Passing through the Arts Block, the numerous clubs, the endless interests of my peers, both enchanted and disheartened me. While I had spent all that time focusing only on aesthetics, while I had concentrated only on rote-learning endless essays for achieving perfect As, while I had spent hours gleaning various tips and tricks of productivity online, I came to the quick realisation that others had not fallen down the same trap as I had. Others had cultivated interests and hobbies over those years, had clearly thought out and articulated opinions and definite senses of self. They had not allowed their formative teenage years to be governed by delusionary thinking. I began to chastise my past self, how frivolous, how stupid I had been. How could I have allowed myself to become entirely dictated through outward approval, based on arbitrary academic achievements and adhering to an appearance of thin conventionality?
Now, I can see that this guilt, this perpetual guilt I was fuelled off, had stemmed from my earlier conditioning. I hadn’t realised that the harshness of my thoughts was the same as before, except manifested in a different way. While I had gained weight, and was deemed “healthy”, I had never addressed the mental toll my eating disorder had ravaged. I had never allowed myself time to recover from the chaos I had experienced, instead, I thrust myself into a new institution, a new life, and what I saw as a new hierarchical world of achievement and failure.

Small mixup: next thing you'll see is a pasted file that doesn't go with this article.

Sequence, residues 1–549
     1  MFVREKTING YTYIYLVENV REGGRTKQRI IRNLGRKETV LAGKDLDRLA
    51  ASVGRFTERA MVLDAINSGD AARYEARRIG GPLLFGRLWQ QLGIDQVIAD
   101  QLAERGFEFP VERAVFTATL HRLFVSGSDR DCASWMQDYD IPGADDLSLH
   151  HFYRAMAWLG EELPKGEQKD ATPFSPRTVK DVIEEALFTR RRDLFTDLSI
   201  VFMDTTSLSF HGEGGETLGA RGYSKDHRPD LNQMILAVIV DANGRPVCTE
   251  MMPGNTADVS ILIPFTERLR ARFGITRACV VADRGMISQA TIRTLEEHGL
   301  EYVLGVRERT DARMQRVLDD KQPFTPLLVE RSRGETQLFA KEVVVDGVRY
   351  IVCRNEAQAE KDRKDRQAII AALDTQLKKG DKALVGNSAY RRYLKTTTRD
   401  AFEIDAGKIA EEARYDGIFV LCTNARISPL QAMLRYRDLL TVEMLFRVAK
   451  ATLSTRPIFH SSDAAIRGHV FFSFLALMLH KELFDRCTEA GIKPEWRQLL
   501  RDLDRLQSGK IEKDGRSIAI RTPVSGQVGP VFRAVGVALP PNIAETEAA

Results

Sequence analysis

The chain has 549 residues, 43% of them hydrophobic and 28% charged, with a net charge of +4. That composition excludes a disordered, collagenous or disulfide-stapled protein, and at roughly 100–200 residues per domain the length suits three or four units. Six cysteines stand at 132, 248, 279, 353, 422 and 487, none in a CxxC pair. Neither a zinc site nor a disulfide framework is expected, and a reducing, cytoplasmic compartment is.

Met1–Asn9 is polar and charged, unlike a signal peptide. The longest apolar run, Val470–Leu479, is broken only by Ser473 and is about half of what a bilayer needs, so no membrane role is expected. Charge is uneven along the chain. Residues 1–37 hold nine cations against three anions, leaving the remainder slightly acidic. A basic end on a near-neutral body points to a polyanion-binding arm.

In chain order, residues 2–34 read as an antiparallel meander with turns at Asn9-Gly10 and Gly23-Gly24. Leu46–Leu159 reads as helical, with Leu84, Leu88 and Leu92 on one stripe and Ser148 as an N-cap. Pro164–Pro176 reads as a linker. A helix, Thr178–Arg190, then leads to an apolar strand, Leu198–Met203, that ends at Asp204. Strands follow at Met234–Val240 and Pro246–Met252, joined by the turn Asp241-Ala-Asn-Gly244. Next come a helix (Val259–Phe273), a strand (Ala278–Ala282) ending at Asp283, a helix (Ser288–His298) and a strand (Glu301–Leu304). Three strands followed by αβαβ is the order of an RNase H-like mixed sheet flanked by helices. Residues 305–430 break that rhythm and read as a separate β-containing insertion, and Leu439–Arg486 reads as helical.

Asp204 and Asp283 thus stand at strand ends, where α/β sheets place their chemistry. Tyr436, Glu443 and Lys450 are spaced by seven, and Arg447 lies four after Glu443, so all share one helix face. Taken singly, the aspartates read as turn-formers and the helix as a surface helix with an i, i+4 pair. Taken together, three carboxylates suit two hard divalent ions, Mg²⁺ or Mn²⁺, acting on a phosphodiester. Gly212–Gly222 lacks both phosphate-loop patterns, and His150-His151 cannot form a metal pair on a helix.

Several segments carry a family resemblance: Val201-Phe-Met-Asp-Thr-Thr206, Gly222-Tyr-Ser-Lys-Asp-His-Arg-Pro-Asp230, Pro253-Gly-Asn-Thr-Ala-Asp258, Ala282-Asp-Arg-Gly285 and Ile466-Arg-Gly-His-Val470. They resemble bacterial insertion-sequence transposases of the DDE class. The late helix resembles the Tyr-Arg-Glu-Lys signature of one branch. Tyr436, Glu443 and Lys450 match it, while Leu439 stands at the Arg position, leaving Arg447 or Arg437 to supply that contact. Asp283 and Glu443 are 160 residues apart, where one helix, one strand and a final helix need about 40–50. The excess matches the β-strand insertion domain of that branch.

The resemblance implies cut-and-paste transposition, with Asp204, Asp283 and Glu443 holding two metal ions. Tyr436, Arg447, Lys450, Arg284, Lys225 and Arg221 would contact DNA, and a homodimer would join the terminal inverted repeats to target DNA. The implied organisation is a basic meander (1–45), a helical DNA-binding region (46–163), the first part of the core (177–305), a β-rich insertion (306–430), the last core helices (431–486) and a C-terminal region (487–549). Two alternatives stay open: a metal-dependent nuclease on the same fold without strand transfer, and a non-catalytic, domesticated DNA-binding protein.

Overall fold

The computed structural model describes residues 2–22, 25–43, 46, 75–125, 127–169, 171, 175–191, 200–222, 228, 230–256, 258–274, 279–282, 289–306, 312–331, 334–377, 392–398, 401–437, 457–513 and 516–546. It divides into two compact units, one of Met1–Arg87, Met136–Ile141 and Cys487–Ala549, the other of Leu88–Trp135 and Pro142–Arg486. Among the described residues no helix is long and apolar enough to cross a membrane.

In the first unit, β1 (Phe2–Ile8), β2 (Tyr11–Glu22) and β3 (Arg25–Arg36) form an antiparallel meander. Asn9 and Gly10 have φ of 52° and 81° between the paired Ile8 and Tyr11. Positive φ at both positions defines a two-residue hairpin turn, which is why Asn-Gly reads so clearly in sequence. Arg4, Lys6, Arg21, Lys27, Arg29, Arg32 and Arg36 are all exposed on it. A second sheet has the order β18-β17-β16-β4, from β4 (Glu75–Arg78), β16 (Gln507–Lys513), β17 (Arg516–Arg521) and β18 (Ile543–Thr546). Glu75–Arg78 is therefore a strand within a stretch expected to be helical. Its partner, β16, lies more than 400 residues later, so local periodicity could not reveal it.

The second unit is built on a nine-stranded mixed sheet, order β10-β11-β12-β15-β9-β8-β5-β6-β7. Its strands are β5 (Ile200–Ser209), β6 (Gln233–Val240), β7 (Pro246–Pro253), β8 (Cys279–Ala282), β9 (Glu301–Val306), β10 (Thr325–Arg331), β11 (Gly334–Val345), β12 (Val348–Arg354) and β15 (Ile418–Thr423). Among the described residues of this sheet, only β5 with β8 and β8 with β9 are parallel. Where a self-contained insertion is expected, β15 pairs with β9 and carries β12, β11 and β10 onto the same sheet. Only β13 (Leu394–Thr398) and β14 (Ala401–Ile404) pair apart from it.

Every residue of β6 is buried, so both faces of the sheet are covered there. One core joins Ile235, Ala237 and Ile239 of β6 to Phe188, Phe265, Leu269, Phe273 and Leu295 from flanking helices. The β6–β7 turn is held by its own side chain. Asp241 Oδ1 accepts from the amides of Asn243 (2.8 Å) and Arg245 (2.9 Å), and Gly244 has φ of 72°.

“Knowing that you are more than a number on a scale, a marked grade or a collection of Instagram likes, can take a lot of time, as was the case for me.”
Years have passed, I am now in my final year and the past few months of isolation have allowed me to reflect on my first-year self. Extracting understandings of social validity from academic pursuits and from online social media accounts had informed my teenage and early college years. As time has passed, I have allowed myself time and space to look back at those difficult years of mine, years a far cry from the “best years of your life” mantra that had rattled around me. As cliché as it sounds, it gets better. Knowing that you are more than a number on a scale, a marked grade or a collection of Instagram likes, can take a lot of time, as was the case for me. The unhealthy habits, the overwhelming and persistent feelings of guilt and the body dysmorphic thoughts accumulated during those tumultuous years do not simply dissipate when the weight is put back on. However, I now consciously try to view myself through a more compassionate prism and to afford myself the same kindness as I would to my friends. I try to talk to myself as if I were a friend, a coping mechanism I learned after reaching out to the Trinity Counselling service. For anyone who has faced similar difficulties, who feels like they aren’t enough, I urge you to remember. You always are enough.